15 and unhappy.

            A few weeks later, “Dear Abby” published a response from a 13-year-old girl:

Dear Abby,

            Happiness is being able to walk. Happiness is being able to talk. Happiness is being to see. Unhappiness is reading a letter from a 15-year-old girl who can do all three things and still says that she is unhappy.

            I can see, I can hear, but I can't walk.


            13 and happy

Wednesday, August 10, 2011

The Loser’s Card Game

            The story is told that during the Revolutionary War, a colonial spy, loyal to the British, presented himself at the headquarters of Hessian commander Colonel Johann Rall. With him, he carried a top-secret message of highest importance the Hessian military leader.
            The message contained the information that General George Washington and his army had surreptitiously crossed the Delaware River and were fast approaching Trenton, New Jersey—the camp of the Hessian army. To the spy’s chagrin, his request his request to meet with Colonel Rall was turned down.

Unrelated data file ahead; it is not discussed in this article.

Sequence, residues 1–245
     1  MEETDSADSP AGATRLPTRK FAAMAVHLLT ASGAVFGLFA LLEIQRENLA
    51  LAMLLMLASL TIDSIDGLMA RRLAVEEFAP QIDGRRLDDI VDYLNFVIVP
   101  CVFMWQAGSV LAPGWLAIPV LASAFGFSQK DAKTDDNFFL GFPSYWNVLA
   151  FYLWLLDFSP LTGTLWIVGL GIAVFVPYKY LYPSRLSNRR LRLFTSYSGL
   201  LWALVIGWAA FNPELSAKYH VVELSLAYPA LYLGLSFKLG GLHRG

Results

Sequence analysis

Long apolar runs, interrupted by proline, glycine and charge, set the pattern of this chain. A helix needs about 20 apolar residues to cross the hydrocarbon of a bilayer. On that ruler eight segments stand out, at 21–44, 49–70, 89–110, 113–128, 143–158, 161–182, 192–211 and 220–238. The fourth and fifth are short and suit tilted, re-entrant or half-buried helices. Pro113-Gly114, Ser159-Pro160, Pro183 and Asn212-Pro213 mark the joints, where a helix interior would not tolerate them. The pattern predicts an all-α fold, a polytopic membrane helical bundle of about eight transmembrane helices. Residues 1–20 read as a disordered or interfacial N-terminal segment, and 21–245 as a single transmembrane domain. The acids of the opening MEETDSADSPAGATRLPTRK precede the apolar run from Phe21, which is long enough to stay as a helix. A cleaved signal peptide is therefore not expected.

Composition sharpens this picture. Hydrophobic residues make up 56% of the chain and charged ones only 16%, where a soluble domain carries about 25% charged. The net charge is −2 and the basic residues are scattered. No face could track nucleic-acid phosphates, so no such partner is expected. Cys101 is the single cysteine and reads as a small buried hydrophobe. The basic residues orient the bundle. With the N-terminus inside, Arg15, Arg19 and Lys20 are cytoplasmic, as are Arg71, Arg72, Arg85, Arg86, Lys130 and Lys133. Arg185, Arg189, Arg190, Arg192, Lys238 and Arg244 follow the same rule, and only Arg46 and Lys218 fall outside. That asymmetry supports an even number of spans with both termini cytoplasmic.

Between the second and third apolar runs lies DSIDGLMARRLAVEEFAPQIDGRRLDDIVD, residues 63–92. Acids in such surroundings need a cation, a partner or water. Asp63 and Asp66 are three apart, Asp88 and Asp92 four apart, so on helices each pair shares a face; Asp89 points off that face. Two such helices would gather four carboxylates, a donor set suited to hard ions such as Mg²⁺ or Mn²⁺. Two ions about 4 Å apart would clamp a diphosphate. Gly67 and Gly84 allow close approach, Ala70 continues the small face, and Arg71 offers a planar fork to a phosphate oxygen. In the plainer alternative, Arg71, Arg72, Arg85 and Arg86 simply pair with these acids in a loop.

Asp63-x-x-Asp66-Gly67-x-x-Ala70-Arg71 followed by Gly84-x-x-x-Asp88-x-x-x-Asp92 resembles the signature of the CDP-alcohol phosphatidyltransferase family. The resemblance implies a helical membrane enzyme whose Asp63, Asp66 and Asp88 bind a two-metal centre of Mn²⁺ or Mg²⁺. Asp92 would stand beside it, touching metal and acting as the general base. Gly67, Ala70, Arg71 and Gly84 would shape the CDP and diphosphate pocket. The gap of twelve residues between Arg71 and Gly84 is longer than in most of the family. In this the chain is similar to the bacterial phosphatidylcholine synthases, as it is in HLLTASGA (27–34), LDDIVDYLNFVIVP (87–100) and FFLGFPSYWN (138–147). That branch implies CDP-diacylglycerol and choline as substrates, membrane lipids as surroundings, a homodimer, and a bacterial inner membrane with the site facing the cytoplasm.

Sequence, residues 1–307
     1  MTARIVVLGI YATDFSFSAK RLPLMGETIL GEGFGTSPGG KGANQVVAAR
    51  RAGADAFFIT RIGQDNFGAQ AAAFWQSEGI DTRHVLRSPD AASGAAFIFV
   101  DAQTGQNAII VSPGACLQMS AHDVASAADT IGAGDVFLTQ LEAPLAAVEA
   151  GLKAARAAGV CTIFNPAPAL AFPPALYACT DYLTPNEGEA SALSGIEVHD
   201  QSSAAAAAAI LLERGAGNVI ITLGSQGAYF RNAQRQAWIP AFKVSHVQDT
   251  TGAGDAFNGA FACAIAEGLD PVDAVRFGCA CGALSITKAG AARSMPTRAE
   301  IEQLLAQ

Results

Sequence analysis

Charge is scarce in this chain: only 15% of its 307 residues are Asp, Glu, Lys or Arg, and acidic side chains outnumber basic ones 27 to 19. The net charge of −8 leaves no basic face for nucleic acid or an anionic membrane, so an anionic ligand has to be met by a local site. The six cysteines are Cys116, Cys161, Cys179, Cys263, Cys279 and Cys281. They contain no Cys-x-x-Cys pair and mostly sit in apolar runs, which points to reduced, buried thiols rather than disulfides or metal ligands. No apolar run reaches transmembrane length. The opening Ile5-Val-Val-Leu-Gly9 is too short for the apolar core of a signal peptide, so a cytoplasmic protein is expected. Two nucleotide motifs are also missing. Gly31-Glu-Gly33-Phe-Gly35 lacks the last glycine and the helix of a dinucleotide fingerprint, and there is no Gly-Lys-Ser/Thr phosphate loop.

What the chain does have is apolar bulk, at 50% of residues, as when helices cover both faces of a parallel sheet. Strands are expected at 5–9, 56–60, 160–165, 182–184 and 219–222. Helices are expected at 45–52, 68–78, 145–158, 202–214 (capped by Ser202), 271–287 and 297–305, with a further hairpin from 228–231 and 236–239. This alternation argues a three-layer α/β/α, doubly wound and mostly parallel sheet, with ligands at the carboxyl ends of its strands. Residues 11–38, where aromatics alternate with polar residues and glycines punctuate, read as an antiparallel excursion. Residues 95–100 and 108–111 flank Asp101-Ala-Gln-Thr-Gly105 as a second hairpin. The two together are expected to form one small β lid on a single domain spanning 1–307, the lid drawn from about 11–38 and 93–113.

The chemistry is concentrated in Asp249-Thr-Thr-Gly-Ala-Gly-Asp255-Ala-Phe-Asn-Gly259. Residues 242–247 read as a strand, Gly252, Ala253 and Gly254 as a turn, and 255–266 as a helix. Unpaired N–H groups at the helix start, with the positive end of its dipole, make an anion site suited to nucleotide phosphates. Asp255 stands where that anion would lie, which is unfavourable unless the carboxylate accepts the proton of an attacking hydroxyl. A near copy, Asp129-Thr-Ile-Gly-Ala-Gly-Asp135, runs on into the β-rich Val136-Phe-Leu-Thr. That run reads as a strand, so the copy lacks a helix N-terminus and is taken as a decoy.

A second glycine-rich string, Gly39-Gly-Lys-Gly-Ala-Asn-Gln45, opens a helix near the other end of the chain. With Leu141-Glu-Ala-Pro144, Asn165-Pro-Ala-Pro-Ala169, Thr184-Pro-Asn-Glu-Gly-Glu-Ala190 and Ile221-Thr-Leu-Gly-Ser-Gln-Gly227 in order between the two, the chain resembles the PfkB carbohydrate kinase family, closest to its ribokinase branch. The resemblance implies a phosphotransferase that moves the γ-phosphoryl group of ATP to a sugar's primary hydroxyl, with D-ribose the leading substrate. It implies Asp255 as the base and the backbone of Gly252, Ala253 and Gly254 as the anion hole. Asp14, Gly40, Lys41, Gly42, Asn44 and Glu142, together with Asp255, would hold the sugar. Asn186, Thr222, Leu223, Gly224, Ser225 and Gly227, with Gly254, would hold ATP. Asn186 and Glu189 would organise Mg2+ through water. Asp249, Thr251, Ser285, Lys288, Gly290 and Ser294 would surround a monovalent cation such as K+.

The spy then recorded his information on a piece of paper and asked an attendant to take it to Colonel Rall. The message was delivered; however, Rall ignored it. Instead, he stuffed it in his pocket. Rall was engrossed in a poker game and did not want to disturb his concentration.
            Later, Rall’s day was rudely interrupted… by the muskets of the soldiers of Washington’s army. Washington’s army leveled the Hessians. Many, including Colonel Rall, ultimately lost their lives.
            This event occurred on December 26, 1776. It was the first major victory for the colonial army. They possibly would not have gained the victory had Colonel Rall been alert.
            Satan gains a lot of victories because Christians are not on the watch. Perhaps that’s why the apostle Peter wrote,Be self-controlled and alert. Your enemy the devil prowls around like a roaring lion looking for someone to devour” (I Pet. 5:8.)

Source: Today in the Word, MBI, October, 1991, p. 21